# Does every hermitian operator represent a measurable quantity?

In Quantum mechanics, observables are represented by hermitian operator. But does every hermitian operator represent a observable? If not , how do we know that whether a hermitian operator represent observable or not? What is the precise definition of the term "observable"?

Given a quantum system with associated Hilbert space $\mathcal H$, the set of all self-adjoint bounded operators is $\newcommand{\bh}{\mathcal B(\mathcal H)_\text{sa}}\bh$. In general, only a small subset of $\bh$ will represent physically observable operators. For infinite-dimensional systems, $\bh$ is huge and there's no hope ever finding experiments for all its members; even in finite-dimensional systems it is very challenging to find experimental schemes sensitive to even a vector-space basis for $\bh$.

The physical approach to this is to begin with a finite set of operators which you know you can measure. For a single free particle, for example, you'd take position and momentum; for a finite set of spins you'd take all their Pauli matrices. You then form the set $\mathcal A$ of all operators that can be formed from them via products and linear combinations, which has the structure of a $\mathcal C^\ast$ algebra, and that is your set of physical observables. The $\mathcal C^\ast$algebra itself is the really fundamental description of the system; the Hilbert space is simply one possible representation.

In this formalism, states are functionals on $\mathcal A$: they are functions $$\rho:\mathcal A\rightarrow \mathbb C$$ that take an observable and give its measured value (or probable measured value, etc.) in that state. (In a Hilbert space representation, each such functional is associated with a density matrix $\hat\rho$, a trace-class positive operator such that $\rho(A)=\text{Tr}(\hat\rho\hat A)$ for $\hat A$ the Hilbert space operator associated with an arbitrary $A\in\mathcal A$.

Edit: As joshphysics and WetSavannaAnimal rightly point out, this works as stated only for bounded operators and not for unbounded ones like position or energy. I'm afraid I don't know well enough how this extends to that class of operators - that needs someone with much stronger functional analysis chops than mine.

• @dj_mummy I should think the possibility of extra observables can never be conclusively ruled out. However, as they would be fully quantum observables, they would not help in resolving EPR paradoxes: they are either local, and thus within Bell's treatment, or entangling, in which case the locality assumption is broken. – Emilio Pisanty Aug 27 '13 at 15:06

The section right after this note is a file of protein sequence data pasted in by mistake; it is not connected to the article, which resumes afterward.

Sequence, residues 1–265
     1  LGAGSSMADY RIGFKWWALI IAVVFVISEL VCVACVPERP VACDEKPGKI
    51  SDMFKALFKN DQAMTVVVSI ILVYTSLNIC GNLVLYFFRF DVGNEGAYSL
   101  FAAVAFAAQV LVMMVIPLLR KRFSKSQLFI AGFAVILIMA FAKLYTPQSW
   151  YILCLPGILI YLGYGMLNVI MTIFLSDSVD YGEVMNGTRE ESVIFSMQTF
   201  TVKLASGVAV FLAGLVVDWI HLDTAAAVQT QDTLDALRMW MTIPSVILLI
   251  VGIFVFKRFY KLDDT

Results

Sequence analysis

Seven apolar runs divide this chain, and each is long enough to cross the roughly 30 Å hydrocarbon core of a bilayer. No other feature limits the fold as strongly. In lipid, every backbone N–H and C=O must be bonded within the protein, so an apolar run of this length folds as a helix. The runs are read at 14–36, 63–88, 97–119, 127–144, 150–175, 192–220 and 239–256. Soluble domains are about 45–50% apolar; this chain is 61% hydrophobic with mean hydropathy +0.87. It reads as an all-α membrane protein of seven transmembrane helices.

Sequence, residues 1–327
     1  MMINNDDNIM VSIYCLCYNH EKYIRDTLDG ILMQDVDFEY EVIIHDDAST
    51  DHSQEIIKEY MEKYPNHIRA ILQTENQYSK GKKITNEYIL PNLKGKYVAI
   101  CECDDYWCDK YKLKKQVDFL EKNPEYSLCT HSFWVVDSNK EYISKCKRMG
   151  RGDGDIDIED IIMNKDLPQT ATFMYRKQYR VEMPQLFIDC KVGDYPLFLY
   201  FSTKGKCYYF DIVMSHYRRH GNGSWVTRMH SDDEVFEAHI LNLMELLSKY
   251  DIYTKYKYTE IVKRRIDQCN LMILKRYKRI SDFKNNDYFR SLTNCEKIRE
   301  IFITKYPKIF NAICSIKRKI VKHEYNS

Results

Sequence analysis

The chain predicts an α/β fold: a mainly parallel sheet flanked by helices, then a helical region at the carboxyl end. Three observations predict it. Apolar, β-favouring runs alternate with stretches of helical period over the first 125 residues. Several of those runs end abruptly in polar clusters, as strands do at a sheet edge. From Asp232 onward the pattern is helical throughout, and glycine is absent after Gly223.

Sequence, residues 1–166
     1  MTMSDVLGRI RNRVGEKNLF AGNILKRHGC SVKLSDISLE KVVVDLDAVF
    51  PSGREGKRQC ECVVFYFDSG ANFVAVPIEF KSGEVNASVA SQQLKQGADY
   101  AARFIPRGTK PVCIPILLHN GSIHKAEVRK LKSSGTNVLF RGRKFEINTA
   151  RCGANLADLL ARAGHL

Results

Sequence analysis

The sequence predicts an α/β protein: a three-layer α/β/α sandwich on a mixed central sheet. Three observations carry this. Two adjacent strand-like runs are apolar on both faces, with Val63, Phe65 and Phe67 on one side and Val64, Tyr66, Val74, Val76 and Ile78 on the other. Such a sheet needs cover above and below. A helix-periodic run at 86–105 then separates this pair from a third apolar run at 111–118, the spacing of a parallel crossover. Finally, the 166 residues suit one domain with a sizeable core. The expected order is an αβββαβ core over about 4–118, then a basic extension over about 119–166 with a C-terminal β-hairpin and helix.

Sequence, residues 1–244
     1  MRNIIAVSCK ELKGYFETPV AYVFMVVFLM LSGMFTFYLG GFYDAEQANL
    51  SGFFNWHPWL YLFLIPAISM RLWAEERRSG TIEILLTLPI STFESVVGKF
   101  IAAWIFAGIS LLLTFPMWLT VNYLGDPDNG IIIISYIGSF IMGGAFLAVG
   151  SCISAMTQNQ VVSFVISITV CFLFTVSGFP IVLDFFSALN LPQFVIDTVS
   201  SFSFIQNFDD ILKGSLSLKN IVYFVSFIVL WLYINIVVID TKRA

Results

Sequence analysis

• @EmilioPisanty I'm confused. In standard courses on quantum mechanics, we usually consider certain unbounded, self-adjoint operators to be observables, but presumably $\mathcal B(\mathcal H)_\mathrm{sa}$ does not contain these beasts. What am I missing? – joshphysics Aug 27 '13 at 18:13
• @Emilio : to "each such functional is associated with a density matrix" : this is true only for normal states, see ncatlab.org/nlab/show/state+on+an+operator+algebra – jjcale Aug 27 '13 at 20:25
• @joshphysics : each normal (maybe unbounded) operator can be written as an integral over projection operators (which are bounded). So if you know the expectation values of the projection operators you know also the expectation value of the normal operator. – jjcale Aug 27 '13 at 20:35
• Emilio and @joshphysics . It would be great to get a reference: am I missing something (probably!)? Isn't resolving an operator into its unbounded-weight sum of always bounded projectors spectral decomposition itself - so your comment seems a bit like question begging. I don't doubt you're likely to be right (I've seen a good number of your posts!) - it's just that my (and probably joshphysics's) conception of spectral theory is of something that gets lots of fiddly bits when we wander into unbounded operator lands. I would love to see better versions and it sounds like you've glimpsed them! – Selene Routley Oct 4 '13 at 0:29